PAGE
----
Archaeology making the news – a service of the Center for Desert Archaeology.
– Congressional Hearing Reviews Park Management Policies Proposals: The nonpartisan National Parks Conservation Association (NPCA) today testified at a congressional hearing on the Department of Interior’s revisions to the policies that govern management of the national parks, saying that the current process “is flawed and should be abandoned.”
http://tinyurl.com/a7jbq (Yahoo News)
– Senators Discourage National Park Changes: Republican senators joined Democrats in telling the National Park Service on Tuesday to back off proposed new guidelines that could allow Segway scooters and more cell phones, noise and air pollution in the national parks.
– New classes will teach area culture: Three new classes will be offered at the Montezuma-Cortez High School next year in an attempt to broaden the curriculum. Beginning in the fall of 2006, Archaeology/Anthropology, Native American History and a Cultural Magazine class will be offered as electives.
http://tinyurl.com/849h3 (Cortez Journal)
– Renowned Navajo artist dies: Navajo Nation President Joe Shirley says the death of famed Navajo artist R.C. Gorman is a big loss.
– Bush signs Ojito Bill: After several years of hard work by New Mexico lawmakers, the Ojito Wilderness Bill has finally been signed into law. U.S. senators Jeff Bingaman and Pete Domenici, and representatives Tom Udall and Heather Wilson, have announced that their bill to designate a new wilderness area on Bureau of Land Management Land in Sandoval County has been signed by President Bush.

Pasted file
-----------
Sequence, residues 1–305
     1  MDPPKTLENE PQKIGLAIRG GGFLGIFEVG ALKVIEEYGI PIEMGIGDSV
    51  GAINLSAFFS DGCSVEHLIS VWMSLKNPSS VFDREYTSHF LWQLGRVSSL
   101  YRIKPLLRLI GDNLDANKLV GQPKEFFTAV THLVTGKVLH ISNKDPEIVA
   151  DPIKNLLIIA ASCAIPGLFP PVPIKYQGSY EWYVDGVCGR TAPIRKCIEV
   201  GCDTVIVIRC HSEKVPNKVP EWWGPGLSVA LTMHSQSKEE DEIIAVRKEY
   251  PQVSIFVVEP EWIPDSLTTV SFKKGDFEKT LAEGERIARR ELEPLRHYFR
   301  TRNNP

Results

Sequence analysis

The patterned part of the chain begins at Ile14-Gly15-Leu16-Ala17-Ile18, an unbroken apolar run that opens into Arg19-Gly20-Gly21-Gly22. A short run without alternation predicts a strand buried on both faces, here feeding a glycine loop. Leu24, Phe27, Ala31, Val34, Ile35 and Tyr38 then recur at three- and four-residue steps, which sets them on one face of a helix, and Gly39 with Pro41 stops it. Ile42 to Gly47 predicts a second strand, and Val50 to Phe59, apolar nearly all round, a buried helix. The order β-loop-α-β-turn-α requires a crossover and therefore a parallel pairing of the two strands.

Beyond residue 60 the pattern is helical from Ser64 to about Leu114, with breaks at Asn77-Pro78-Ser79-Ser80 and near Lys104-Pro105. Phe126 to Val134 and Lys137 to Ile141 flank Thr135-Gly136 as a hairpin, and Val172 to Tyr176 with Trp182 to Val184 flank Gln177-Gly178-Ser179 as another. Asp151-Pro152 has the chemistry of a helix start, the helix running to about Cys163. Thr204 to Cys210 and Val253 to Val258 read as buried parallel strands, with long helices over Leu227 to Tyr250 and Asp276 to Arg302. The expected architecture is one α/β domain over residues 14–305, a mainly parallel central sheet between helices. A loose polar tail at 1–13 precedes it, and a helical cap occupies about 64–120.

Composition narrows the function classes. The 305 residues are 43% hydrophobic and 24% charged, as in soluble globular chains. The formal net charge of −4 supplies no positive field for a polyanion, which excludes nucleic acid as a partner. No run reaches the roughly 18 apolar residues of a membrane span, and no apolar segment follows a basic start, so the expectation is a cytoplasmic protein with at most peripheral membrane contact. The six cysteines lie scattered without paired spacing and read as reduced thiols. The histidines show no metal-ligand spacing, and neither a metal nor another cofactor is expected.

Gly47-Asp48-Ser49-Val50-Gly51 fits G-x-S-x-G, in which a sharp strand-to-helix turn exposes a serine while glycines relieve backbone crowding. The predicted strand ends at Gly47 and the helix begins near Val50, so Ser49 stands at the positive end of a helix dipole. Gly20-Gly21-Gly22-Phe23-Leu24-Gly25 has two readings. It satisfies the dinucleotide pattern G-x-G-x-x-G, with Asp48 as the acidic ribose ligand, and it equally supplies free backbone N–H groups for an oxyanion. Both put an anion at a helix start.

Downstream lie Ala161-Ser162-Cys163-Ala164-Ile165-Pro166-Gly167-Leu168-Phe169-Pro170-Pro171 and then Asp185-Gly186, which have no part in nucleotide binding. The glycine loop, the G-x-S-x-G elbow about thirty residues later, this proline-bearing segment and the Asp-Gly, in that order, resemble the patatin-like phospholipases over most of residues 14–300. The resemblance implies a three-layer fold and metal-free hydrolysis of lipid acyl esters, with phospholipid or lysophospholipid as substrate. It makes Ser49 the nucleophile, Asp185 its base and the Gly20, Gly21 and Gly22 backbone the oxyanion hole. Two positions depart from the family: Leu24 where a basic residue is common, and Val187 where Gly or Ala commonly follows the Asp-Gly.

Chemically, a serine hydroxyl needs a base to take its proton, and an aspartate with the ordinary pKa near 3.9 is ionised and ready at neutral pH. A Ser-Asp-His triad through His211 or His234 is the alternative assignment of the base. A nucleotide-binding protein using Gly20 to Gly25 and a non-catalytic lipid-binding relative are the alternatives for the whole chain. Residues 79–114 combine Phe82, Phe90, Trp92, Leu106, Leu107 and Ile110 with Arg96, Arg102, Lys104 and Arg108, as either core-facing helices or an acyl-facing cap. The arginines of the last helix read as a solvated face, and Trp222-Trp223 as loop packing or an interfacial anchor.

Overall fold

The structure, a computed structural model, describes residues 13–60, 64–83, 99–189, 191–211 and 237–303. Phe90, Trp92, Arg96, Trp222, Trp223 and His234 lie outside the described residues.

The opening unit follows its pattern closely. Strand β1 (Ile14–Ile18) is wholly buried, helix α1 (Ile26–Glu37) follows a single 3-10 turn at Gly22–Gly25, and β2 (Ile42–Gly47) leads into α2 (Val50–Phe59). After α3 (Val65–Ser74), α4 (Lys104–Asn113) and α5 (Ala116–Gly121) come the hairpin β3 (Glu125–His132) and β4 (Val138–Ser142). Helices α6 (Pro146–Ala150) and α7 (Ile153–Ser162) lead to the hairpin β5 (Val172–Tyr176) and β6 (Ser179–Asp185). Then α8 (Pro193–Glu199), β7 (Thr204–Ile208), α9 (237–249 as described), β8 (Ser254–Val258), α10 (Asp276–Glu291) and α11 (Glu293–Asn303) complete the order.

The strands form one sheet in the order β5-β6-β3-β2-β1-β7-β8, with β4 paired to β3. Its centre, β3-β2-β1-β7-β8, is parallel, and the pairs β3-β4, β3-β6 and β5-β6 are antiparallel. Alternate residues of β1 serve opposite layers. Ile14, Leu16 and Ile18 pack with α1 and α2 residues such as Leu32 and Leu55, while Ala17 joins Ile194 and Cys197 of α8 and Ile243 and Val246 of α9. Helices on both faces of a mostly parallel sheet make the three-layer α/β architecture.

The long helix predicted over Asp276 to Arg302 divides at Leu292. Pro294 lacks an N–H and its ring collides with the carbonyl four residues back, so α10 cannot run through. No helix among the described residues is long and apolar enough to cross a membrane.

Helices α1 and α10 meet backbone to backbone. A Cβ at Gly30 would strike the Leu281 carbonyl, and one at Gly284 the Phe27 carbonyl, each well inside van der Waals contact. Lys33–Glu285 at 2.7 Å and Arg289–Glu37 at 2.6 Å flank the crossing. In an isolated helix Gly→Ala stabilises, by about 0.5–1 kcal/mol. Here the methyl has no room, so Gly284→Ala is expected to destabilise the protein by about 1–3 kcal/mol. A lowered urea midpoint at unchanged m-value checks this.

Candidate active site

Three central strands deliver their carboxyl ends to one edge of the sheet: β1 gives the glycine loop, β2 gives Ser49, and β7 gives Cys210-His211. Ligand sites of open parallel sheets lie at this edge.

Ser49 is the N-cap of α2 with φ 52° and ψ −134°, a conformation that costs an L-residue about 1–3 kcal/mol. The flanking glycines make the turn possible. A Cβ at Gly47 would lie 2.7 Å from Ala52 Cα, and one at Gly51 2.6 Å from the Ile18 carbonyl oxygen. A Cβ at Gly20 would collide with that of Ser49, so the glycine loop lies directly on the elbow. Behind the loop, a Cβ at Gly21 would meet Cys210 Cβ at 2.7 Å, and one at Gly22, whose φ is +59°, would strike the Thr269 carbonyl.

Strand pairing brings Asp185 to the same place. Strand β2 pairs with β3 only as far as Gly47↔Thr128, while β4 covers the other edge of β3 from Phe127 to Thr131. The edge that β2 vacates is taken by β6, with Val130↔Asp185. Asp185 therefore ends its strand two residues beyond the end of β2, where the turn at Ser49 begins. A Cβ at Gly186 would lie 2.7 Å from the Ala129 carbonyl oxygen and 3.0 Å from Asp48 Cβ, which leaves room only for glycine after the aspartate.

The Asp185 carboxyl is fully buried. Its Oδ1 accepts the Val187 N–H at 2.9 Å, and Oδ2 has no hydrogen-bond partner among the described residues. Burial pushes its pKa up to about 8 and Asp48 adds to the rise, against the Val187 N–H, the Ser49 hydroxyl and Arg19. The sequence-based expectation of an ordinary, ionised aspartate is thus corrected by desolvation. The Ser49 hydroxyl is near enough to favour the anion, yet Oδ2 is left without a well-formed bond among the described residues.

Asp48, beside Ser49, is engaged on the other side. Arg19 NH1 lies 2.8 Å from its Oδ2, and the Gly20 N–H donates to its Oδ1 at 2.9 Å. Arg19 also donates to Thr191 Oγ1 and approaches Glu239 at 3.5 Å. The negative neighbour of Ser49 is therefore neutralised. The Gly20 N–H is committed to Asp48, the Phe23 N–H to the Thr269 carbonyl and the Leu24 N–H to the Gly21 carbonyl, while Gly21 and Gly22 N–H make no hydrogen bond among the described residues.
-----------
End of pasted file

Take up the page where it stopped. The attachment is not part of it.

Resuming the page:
– Archaeologists kick up dirt in Safford: Under all the sand and desert sagebrush of the Gila Valley lies an archaeologist’s heaven, and Eastern Arizona College played host last weekend to a team of scientists interested in the remains of the area’s ancient civilizations.
– Colossal Cave party: Civilian Conservation Corps honored: The people who left the most lasting marks on Colossal Cave might be hundreds of financially destitute young men who worked there in the 1930s, though the cave was used for centuries by the ancient Hohokam as a ceremonial retreat and in the late 1800s as a hideout by desperados.
– Hohokam ruins highlight of Sears-Kay hiking trail: The one-mile loop trail brings you to the Sears-Kay Ruin, the remnant of an ancient Hohokam village. While surveying the village, you also are afforded fantastic views of Pinnacle Peak, Weavers Needle and Four Peaks – all area landmarks.
NEW CENTER FOR DESERT ARCHAEOLOGY PUBLICATIONS:
Down by the River: Archaeological and Historical Studies of the Leon Family Farmstead (Anthropological Paper No. 38)
Subsistence and Resource Use Strategies of Early Agricultural Communities in Southern Arizona (Anthropological Papers No. 34)